Human capital is the name given to a specific type of economic value, generated through a set of attributes that favor the performance of people’s work. In other words, human capital is the ability that employees have, with their knowledge and experience, to generate wealth for the company where they work.
Currently, human capital is considered one of the components of what are known as factors of production – although at the time of structuring these factors it was treated as a mere labor force, easily replaceable and less relevant than the other factors.
While the land encompasses all the natural resources used in the production process and capital, the goods collected and employed (such as money and manufactured products), human capital is directly linked to the management of people.
Just as an automaker considers the price (in cost and efficiency) when composing its cars and a soft drink factory calculates the amount of water needed to produce its products, all of them have mechanisms to maximize the work of their employees .
These mechanisms can be efficient or inefficient, considering that there is no single strategy for dealing with workers. Unlike the screw, which we talked about in the previous paragraph, which can be done for years on end in the same way, human capital management is constantly changing.
This is because its management is largely linked to the humanities, to the understanding of human beings in their emotional issues and to the study of cultural and social trends, which change with each generation.
Want to better understand how this works? Why should each business establish tactics to manage and maximize human capital? Stay tuned: it is exactly about these topics that we will discuss in the next topic.
How do companies manage human capital? How does it influence the organization’s results?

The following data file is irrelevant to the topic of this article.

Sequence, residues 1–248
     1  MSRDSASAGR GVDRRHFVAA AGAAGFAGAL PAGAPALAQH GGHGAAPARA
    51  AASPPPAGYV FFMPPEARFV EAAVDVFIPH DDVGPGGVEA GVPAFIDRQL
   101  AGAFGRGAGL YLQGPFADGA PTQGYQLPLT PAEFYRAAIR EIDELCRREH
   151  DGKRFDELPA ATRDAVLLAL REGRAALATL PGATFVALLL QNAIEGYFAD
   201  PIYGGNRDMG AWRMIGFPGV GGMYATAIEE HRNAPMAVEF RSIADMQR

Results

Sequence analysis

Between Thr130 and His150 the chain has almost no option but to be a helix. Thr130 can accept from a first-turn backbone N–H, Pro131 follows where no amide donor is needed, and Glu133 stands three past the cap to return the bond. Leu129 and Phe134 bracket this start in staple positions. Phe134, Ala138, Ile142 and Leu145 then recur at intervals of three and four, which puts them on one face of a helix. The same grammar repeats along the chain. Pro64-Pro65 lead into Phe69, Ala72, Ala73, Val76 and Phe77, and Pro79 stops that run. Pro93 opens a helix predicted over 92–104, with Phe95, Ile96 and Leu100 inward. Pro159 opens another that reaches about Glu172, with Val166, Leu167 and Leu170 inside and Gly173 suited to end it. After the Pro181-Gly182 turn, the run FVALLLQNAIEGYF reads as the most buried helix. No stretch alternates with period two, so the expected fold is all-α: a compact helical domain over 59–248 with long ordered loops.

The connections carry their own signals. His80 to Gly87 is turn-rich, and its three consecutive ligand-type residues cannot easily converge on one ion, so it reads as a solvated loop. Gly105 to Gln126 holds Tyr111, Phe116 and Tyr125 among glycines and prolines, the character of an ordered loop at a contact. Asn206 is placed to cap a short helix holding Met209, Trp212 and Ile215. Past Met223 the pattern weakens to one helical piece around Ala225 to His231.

Considering the modern world in which we live, where new technologies emerge at every moment, differentiating only by machines and manufacturing processes or providing services is a real waste. This is because it has been understood that, in many cases, what differentiates how valuable a company is to its customers is the ability of its employees to generate value for them.
Having innovative ideas, understanding how consumers feel, maximizing the application of material and immaterial resources of the business … These are just some of the skills that the components of a company’s human capital can develop. Not infrequently, when looking at the future of companies, it is predicted that technology will occupy more and more place and human beings should be applied only strategically.
But theories linked to human capital are nothing new. In 1950, economist Theodore W. Schultz coined the term and developed a series of studies focused on highlighting the existence and importance of human capital in all organizations.
In fact, it is his definition of the term that dictates that “human capital is the capacity for knowledge, skills and personality attributes of a person when performing a job in order to produce economic value”.
Schultz, who was even awarded the Nobel Prize in Economics in 1979, was primarily responsible for pointing out that the development of programs and policies focused on employees was really capable of increasing their productivity and, consequently, the company’s earnings.
But an important differentiation to be made is between human capital and intellectual capital. While human capital is restricted to the worker, intellectual capital also extends to so-called structural capital (such as patents and registrations).